Rick, Morgan and the other characters who have lasted share in common an ability to adjust to change; to understand that the important thing is to work with the world as it is now not as it used to be or as they wish it could be again. Rick gets into the swing of the new world very quickly, from waking up, dazed, in the hospital to battling his way out of Atlanta in only a few days. Morgan too was quick to adapt. While his wife was looking to the past – grabbing the photo albums – he was preparing himself for the apparent present and the likely future. He had already worked out what the world was like at that time and was doing what was needed to cope with it, whereas she was just thinking of what she would miss from the past, or need when the current situation reverted to ‘normal’.
Many fields, such as law, accountancy and medicine require that practitioners keep up to date with changing processes, legislation or methodology. It should be a requirement for you, too, if you want to get ahead. Change is inevitable: once you have accepted that you can begin to move forward.
Ask what is changing
In The Walking Dead the changes are both catastrophic and sudden. Nobody really had time to prepare for the new reality or take steps to avoid it. As we see in the back story show, Fear The Walking Dead, a problem that started small rapidly escalated as the authorities misunderstood both the problem itself and its potential lasting impact. In a huge city like Los Angeles the virus quickly spread among the population.
In your working life changes can be sudden and catastrophic, but more commonly change is gradual. Is your industry changing – have you read articles about new technologies, routes to market, operating systems? What are your organization’s competitors doing and what might the implications be for you if your business follows the same route? How is the economy faring? You need to keep your eyes and ears open – you stand a better chance of surviving change if you are well informed.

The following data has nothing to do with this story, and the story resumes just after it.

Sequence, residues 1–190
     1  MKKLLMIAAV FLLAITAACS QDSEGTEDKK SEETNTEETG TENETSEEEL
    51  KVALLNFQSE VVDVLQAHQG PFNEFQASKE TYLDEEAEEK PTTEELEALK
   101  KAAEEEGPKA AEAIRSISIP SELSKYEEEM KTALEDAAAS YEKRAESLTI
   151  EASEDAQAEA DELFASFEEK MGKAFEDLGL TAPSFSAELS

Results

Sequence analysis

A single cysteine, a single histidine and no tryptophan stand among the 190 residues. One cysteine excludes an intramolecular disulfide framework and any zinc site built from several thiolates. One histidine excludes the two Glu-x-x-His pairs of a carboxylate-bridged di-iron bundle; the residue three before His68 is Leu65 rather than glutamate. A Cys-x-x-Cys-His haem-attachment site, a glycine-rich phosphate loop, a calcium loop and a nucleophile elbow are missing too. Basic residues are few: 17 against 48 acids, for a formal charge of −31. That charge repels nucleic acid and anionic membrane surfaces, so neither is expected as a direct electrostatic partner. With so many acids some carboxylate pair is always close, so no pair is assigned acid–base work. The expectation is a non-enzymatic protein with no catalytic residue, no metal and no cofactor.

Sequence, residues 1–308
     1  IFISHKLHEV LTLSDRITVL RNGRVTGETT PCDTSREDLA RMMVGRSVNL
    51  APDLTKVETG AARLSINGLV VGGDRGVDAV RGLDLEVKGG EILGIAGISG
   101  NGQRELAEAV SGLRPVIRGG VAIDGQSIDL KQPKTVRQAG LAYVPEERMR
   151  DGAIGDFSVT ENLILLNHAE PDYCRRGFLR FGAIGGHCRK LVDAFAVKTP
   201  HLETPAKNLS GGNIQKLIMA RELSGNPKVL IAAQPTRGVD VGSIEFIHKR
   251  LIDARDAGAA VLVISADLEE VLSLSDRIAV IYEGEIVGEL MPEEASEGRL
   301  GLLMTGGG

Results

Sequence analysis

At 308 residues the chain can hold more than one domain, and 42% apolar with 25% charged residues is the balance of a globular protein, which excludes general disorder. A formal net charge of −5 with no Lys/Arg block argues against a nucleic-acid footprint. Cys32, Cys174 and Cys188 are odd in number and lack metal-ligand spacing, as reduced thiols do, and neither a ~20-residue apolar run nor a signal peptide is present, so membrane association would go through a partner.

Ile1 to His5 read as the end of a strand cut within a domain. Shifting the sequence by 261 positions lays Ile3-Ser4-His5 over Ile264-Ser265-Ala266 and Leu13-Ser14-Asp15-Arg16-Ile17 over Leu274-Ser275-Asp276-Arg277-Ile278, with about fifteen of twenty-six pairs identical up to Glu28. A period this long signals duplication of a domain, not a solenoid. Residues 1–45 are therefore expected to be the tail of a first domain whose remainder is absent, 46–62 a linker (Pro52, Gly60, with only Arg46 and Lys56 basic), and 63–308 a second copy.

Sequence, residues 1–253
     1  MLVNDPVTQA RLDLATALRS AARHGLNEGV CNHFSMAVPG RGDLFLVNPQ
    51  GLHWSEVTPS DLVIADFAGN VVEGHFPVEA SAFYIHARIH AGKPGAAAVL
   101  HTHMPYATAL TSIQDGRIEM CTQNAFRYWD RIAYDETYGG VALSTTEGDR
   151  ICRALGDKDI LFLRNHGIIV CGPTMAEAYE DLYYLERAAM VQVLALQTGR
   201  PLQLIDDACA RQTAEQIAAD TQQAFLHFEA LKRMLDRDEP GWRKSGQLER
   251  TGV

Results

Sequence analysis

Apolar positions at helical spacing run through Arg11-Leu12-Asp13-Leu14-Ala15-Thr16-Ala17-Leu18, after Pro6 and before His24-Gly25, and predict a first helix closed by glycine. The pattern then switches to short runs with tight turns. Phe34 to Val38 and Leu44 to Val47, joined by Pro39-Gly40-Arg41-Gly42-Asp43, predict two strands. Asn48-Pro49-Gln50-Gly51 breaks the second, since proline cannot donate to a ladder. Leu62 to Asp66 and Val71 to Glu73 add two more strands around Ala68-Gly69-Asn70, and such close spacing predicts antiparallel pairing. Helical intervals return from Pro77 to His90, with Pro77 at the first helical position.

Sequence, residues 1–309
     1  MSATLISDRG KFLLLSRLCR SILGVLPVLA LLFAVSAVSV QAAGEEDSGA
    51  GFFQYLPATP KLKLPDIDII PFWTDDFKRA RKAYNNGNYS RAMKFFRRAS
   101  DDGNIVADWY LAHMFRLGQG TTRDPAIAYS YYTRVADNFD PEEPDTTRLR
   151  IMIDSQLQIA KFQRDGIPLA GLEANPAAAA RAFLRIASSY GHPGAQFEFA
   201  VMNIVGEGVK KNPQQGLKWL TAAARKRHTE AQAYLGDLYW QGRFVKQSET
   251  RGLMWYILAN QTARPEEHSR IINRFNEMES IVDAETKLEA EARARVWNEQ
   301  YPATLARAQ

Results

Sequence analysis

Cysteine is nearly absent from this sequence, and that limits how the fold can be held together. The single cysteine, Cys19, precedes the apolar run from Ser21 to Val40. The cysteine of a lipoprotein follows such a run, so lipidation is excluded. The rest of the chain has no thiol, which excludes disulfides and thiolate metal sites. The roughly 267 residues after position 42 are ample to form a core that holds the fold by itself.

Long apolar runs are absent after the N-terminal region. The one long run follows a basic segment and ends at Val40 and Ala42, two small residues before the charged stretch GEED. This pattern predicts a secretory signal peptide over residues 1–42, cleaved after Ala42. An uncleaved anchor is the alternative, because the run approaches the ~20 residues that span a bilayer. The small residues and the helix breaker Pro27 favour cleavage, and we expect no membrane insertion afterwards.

Work out what you need to do to be part of the change
Having accepted that the world is changing Rick and Morgan both work out what they need to do to be part of the new world.
Seeing the changes is only the first step; understanding what you need to do requires greater thought. So Tara and her family noticed a change and realized the need to survive, but they thought the safest thing to do was hole up in their flat with all the food and water that was available. Not only was this a short-term plan but it also meant they weren’t out in the world learning more about the changes taking place. If it had not been for the presence of The Governor when their father died Tara, her niece and sister may also have been turned. Not everybody is able to make the creative leap from observation to a plan of action, so if you can do it you will have a distinct advantage over your contemporaries. As Henry Ford famously said, ‘If I had asked people what they wanted, they would have said faster horses.’ While others thought change meant more of the same but better, Ford approached the advancing world from a more creative angle. .